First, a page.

Chapter 14 Pathobiology Clinical Features, And Management Of Sickle Cell Disease
Figure 14-1 SICKLE RED BLOOD CELL (RBC) MORPHOLOGIES.
A, Blood smear from the first patient report on sickle cell disease. B to E, Blood smears prepared under differing conditions from the same sickle cell anemia patient. B, Antecubital venous blood was fixed immediately at a pO2 of approximately 40 mm Hg to document RBC shapes in vivo. Several RBC morphologies are evident, including two granular (raisinlike) cells, five somewhat elongated cells, and two highly elongated and curved cells. C, The mixed venous blood (B) was then fully oxygenated. Most cells have resumed normal shape, but one irreversibly sickled cell is present. D, The oxygenated cells (C) were then partially deoxygenated and assumed classical holly-leaf forms typical of rapid deoxygenation. E, The already partially deoxygenated mixed venous cells (B) were then fully deoxygenated (pO2 = 0 mm Hg) and display the more elongated shape having fewer spikes that is assumed by slowly deoxygenated sickle RBC.
(B to E from Obata K, Mattiello J, Asakura K, et al: Exposure of blood from patients with sickle cell disease to air changes the morphological, oxygen-binding, and sickling properties of sickled erythrocytes. Am J Hematol 81:26, 2006. A from Herrick JB. Peculiar elongated and sickle-shaped red blood corpuscles in a case of severe anemia. Arch Intern Med 5:517, 1910.)
Figure 14-2 SICKLE GENE AND MALARIA.
The five regions in which the sickle gene achieved high allelic frequency are superimposed on shading that identifies the Old World distribution of the sickle gene and of historical, endemic malaria.
(Adapted from Friedman MJ, Trager W: The biochemistry of resistance to malaria. Sci Am 244:154, 1981 and from Nagel RL, Steinberg MH: Genetics of the βS gene: Origins, epidemiology, and epistasis in sickle cell anemia. In Steinberg MH: Forget BG, Higgs DR, Nagel RL, eds: Disorders of hemoglobin: Genetics, pathophysiology, and clinical management, Cambridge, 2001, Cambridge University Press, p 711.)
Relationship of HbS Molecular Behaviors to Disease Features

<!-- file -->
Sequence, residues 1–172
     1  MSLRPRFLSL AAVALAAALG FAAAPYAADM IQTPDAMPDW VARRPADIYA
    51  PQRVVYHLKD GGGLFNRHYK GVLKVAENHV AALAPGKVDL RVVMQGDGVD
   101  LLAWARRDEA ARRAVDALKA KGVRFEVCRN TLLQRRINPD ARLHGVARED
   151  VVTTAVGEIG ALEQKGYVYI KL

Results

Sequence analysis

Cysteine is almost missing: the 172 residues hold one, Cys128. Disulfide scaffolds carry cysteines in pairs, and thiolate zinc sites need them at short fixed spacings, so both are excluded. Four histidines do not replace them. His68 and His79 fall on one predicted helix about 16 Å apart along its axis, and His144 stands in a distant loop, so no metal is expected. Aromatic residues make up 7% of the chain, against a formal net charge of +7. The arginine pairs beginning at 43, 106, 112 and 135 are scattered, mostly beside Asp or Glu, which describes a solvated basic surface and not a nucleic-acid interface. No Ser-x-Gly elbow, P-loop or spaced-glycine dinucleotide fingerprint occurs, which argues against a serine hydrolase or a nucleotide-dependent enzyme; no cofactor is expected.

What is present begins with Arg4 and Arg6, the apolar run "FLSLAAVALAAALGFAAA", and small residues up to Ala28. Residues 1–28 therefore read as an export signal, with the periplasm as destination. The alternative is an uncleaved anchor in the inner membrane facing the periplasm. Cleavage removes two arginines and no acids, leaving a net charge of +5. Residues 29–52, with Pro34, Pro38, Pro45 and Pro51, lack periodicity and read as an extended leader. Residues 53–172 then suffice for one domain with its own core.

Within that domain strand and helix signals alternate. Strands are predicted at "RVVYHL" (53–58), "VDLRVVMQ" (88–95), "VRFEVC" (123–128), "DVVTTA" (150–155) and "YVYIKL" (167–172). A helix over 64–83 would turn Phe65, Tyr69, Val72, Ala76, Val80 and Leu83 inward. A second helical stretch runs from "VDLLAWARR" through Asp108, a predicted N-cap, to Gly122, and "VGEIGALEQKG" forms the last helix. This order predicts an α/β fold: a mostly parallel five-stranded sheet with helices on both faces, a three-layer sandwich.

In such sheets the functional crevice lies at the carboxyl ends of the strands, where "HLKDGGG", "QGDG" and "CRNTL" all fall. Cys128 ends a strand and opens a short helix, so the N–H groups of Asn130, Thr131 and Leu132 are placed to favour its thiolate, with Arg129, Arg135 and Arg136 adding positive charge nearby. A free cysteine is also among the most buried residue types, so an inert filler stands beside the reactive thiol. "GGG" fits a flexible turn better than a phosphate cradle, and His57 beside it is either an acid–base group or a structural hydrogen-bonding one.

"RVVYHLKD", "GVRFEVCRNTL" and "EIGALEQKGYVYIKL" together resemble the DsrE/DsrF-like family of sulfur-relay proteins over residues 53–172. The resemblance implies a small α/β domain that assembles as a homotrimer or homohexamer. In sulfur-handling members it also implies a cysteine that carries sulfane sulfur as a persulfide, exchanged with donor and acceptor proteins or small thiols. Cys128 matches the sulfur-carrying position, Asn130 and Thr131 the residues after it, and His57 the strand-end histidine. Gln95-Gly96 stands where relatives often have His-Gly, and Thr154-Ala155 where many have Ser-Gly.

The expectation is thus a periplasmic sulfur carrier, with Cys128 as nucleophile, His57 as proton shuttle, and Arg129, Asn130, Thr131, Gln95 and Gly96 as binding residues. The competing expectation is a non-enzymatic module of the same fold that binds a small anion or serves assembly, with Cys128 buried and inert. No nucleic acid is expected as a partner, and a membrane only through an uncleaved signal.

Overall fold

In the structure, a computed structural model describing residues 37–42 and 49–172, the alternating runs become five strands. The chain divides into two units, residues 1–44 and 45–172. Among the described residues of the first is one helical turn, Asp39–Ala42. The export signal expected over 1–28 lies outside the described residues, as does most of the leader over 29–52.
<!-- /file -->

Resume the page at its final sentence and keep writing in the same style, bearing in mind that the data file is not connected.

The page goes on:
Dimer assembly → RBC Hb composition
HbS instability → Membrane defects
Figure 14-3 KINETICS OF HEMOGLOBIN S POLYMERIZATION, STUDIED BY NEAR-INSTANTANEOUS AND COMPLETE DEOXYGENATION.
A, Extreme dependence of delay time on hemoglobin concentration. B to D, Kinetic progress curves for polymer formation show that long delay times are highly variable (B), but very short delay times are highly reproducible (D). To the right is a representation of domains and corresponding red blood cell morphology postulated to result from these different scales of polymerization rate (see Fig. 14-1, B to E). E, Delay times for individual red blood cells are influenced by substituent hemoglobins. F, A double nucleation process is hypothesized to underlie polymer formation. G, Physiologically, the finite rate of deoxygenation effectively caps the polymerization rate and eliminates the relevance of delay times that are short relative to deoxygenation rate (<1 sec).
(A to E, Data from Eaton WA, Hofrichter J: Hemoglobin S gelation and sickle cell disease. Blood 70:1245, 1987; F adapted from Ferrone FA, Hofrichter J, Eaton WA: Kinetics of sickle hemoglobin polymerization II. A double nucleation mechanism. J Mol Biol 183:611, 1985; G, Data from Ferrone FA: Oxygen transits and transports. In Embury S, Hebbel RP, Mohandas N, Steinberg MH, eds: Sickle cell disease: basic principles and clinical practice, New York, 1994, Raven Press.)
Major Sickle RBC Membrane Defects
Enhanced mechanosensitivity → ↑ deformability responses →
Abnormal RBC adhesion to endothelium
Figure 14-4 MARKED HETEROGENEITY IN SICKLE RED BLOOD CELL (RBC) HYDRATION.
Compared with normal RBCs (A) studied by discontinuous density-gradient centrifugation, RBCs from a sickle subject with four α genes (D) include cells of unusually low density (usually reticulocytes) and abnormally high density (dehydrated cells). Sickle subjects with three and two α genes are shown in C and B, respectively.
(From Embury SH, Clark MR, Monroy G, Mohandas N: Concurrent sickle cell anemia and a-thalassemia. J Clin Invest 73:116, 1984.)
Figure 14-5 MECHANISMS LEADING TO HEMOLYSIS IN SICKLE CELL DISEASE.
This integrated synthesis shows how the molecular behaviors of hemoglobin S (HbS) (top) cause development of multiple red blood cell (RBC) abnormalities (middle) that lead to the four mechanisms of accelerated RBC destruction (bottom).
(Modified with permission from The American Journal of Hematology from Hebbel RP: Reconstructing sickle cell disease: A data-based analysis of the “hyperhemolysis paradigm” for pulmonary hypertension from the perspective of evidence-based medicine. Am J Hematol